5 Ways To Quiet Negative Thoughts In 5 Minutes Or Less

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You’ve just come up with a great idea. You’re jazzed and can’t wait to share it with the world. And then without warning your excitement is hijacked and replaced with…

“Who do you think you are?

You could never pull this off.”

“What if no one else thinks it’s a good idea.”

“This is just silly.”

Da, Da, Da, Daahh.  Enter the dreaded negative thoughts that try to stop you in your tracks.

Every single person on this planet has negative thoughts. They happen.

The issue isn’t really the negative thoughts themselves or that you have them. It’s how you react to them. That’s the real issue.

Do you let them sit smack dab in the middle of your ideas until the air is squeezed out?

Do you allow them to be soul-squashers, confidence crushers, and dream killers?

Or do you find ways to quiet them?

I learned a long time ago that most, if not all, of my negative thoughts come from my ego, which is rather loud. So I used to think that if I was louder, my ego would slink away like a dog that had been scolded for messing on the rug.

I’d internally scream at it telling it to shut up, to go away, and to leave me alone.

Did it? No. The louder I got the louder it got.

Now, rather than waste my energy or allow it’s negative diatribe to run away with my personal power I do any of the following.

1. Learn, Lean, and Leverage. Negative thoughts hold information. They’re trying to tell you something and it’s often not what you think.

They’re not trying to tell you that you aren’t enough, (even if that’s what they’re saying) or that you can’t handle something, do something, or be something.

To get beyond the negative bluster it helps to explore what they’re really trying to tell you. And to do so it helps to ask this question, “What is driving this negative thought?”

It might be trying to tell you that you’re afraid, that something you are about to do is important to you, or that you need additional support.

Once you know the source of the negative thought you can diminish it by exploring your options. It’s those options and engaging them that helps you to quiet the negative thoughts.

For example, if the source of my negative thought is fear of failing at something that’s important to me, I’ll start making a list of options to deal with the fear of failing.

I could quit. (Not really an option for me, but I list whatever comes up.)

I could break down my objective into tiny steps and begin with the easiest step first.

I could ask for help.

Once I have brainstormed all my options I pick one and do it.

2. Choice. One way to quiet the negative thoughts is to ask the question, “What do I choose?” and then allow those choices to just flow.

Here’s the thing; you always have choice in any given situation or circumstance. You can choose to listen to your negative thoughts and allow them to derail you or you can choose to focus your energy and attention onto something else.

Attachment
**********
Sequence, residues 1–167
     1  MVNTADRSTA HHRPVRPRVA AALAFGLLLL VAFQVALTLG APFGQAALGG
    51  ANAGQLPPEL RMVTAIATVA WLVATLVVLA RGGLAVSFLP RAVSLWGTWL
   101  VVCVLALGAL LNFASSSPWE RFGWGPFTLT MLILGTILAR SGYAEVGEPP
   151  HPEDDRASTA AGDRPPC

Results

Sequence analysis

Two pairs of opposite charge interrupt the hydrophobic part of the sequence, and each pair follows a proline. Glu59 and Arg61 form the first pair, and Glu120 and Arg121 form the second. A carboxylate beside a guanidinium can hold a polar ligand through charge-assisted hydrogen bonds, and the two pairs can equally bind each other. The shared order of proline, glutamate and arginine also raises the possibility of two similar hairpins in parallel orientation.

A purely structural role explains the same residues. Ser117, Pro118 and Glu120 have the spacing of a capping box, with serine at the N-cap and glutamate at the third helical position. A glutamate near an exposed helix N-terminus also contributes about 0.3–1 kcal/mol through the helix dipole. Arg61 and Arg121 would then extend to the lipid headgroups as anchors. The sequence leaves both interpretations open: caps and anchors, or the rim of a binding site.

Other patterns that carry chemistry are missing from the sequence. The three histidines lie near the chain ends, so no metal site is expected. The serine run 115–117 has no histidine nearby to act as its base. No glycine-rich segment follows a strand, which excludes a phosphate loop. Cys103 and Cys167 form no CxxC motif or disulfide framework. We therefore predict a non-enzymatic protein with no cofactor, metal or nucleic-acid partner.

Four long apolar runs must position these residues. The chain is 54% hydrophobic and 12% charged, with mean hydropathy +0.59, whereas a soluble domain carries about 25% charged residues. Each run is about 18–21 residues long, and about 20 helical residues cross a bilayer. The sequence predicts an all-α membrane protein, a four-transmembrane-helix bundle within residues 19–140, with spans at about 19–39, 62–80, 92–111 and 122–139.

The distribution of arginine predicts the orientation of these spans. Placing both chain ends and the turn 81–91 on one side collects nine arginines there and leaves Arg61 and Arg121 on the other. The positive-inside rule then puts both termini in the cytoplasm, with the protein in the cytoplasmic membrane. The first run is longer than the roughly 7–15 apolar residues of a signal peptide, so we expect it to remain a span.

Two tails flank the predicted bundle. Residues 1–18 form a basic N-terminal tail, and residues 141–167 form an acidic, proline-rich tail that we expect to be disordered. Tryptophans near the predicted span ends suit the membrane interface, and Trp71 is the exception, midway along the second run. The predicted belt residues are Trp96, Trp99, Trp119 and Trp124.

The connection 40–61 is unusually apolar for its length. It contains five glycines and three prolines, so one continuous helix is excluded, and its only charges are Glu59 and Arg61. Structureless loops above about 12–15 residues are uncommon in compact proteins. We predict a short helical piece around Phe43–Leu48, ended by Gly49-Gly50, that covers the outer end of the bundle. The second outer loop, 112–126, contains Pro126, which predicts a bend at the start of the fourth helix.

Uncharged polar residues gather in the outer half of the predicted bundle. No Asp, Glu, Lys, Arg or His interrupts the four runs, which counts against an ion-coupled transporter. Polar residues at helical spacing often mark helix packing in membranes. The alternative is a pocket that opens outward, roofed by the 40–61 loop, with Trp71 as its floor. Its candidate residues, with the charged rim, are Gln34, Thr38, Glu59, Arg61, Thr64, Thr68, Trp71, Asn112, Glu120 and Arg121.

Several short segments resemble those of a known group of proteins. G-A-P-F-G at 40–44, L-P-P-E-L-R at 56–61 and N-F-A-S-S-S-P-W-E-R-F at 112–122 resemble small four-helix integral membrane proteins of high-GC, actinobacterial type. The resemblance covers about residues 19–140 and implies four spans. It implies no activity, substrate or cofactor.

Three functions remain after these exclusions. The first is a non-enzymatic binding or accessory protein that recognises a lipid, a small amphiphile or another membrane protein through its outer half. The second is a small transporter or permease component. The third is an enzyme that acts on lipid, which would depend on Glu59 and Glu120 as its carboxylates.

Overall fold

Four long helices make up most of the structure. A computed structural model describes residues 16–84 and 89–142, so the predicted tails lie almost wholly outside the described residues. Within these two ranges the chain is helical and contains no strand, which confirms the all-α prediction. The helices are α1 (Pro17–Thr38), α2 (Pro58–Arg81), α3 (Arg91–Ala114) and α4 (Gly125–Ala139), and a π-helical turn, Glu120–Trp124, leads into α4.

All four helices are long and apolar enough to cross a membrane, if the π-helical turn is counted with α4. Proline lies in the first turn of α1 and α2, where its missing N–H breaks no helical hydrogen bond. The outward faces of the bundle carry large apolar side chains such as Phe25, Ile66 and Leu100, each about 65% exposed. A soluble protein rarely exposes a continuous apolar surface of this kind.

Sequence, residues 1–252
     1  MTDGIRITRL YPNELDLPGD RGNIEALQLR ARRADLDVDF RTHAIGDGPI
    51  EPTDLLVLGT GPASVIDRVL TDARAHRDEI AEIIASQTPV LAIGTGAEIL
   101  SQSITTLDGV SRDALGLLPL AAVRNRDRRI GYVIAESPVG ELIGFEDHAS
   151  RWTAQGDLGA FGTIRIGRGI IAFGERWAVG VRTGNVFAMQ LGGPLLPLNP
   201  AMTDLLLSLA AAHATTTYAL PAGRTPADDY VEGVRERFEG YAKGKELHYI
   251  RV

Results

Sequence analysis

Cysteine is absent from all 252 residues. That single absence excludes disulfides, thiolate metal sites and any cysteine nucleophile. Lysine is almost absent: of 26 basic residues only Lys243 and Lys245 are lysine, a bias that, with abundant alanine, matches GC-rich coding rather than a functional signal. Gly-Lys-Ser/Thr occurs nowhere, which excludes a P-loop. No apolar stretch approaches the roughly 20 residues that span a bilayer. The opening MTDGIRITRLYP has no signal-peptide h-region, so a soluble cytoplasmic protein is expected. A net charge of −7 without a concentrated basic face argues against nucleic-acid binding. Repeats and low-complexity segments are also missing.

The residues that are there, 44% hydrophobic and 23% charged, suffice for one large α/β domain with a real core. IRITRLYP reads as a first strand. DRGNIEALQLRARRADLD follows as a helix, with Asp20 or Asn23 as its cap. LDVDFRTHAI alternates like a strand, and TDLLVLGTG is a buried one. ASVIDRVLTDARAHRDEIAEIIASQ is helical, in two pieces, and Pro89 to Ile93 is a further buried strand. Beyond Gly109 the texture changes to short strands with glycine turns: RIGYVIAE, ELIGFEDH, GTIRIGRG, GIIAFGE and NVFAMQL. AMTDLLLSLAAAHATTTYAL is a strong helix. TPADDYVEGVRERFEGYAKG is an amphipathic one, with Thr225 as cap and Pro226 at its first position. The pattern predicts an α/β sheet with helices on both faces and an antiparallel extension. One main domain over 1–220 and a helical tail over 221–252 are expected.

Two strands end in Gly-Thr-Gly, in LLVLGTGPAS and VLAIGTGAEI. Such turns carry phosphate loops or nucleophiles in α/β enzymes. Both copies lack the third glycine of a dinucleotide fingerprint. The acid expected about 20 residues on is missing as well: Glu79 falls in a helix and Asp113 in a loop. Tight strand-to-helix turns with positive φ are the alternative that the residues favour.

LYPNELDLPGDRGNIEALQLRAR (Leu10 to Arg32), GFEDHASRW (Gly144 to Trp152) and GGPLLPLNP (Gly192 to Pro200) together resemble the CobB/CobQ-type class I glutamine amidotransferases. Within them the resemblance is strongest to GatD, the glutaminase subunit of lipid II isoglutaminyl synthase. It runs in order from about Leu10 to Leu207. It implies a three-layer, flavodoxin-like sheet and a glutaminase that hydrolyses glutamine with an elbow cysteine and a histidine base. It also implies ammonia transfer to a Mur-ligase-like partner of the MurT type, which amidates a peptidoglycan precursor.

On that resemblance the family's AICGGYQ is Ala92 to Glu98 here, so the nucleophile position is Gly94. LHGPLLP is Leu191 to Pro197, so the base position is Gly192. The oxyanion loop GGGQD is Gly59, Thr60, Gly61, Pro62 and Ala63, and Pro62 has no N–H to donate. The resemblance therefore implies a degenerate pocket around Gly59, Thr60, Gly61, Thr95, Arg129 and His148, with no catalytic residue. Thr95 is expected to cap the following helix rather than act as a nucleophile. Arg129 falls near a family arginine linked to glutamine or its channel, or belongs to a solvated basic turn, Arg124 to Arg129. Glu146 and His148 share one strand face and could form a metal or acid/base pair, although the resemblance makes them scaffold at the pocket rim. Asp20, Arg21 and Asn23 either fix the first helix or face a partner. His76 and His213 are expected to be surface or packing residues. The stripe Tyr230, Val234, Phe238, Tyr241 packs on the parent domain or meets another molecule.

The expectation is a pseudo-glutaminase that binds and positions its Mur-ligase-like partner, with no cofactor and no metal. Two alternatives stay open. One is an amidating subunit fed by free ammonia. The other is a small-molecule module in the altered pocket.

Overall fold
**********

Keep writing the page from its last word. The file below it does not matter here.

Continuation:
The act of choosing helps you to take your personal power back from that negative thought and silences it.

3. Why Questions. When your negative thoughts are telling you bold–face lies it helps to combat those lies with believable questions that begin with “why.”

For example, let’s say your negative thoughts are telling you that you will never find the love of your life. In your head you hear things like;

“You’re not thin enough or gorgeous enough.”

“No one is going to want someone like you.”

“You’ll never find your special someone.”

Instead of choosing to let your ego make you feel like crap,  counter its negativity with a question like, “Why am I the most lovable person?”

It’s not your job to answer the question, just to ask the question and let your brain look for evidence. This nifty little trick was created by Noah St. John who calls it an “afformation” (not to be confused with affirmations).

You might think that asking such a question would lead to more negative thoughts but here’s the key…

When you craft believable questions that create a sense of excitement, the negative thoughts don’t stand a chance.

Ask that believable “why” question.

Don’t look for the answer, just ask.

Let the excitement deal with the negative thoughts.

4. Focus Shifting. Yep, shift your focus on to something else. This is not where I ask you to use an affirmation or to tell yourself just the opposite of what your negative thought is telling you.

All I’m asking is that you shift your focus on to what’s around you. I like to use my senses to do this. What am I feeling on my skin right now? What am I tasting? What am I hearing? What am I seeing?

And to change things up I also use some good old gratitude to drown out my negative thoughts. For example, I’m so grateful for the comfy chair I’m sitting on or the soft t-shirt I’m wearing.

When there’s a focus shift, there’s no room for negative thoughts.

5. Breathe. Speaking of focus shifts, this little exercise helps to focus your attention away from the negative thoughts and on to your breathing. (Just as an aside, negative thoughts and fear hate breath work.)

I love using what I call the 4,4,&4 Breathing Technique. Take a deep breath to the count of four. Exhale to a count of four. Repeat four times. That’s it. Easy.


Now imagine coming up with that amazing idea, but instead of allowing the negative thoughts to hijack the excitement you pull from your arsenal of negative thought quieting tools. Imagine those negative thoughts slinking off with their tail between their legs.

Just remember, you’re so much bigger and stronger than anything that comes from the three-pound organ that sits on top of your shoulders. Negative thoughts have nothing on you! NOTHING! TC mark

A good quote is a like a potato chip to me; I can’t get enough

Keep up with Pam on Instagram, Twitter and whatswithinu.com

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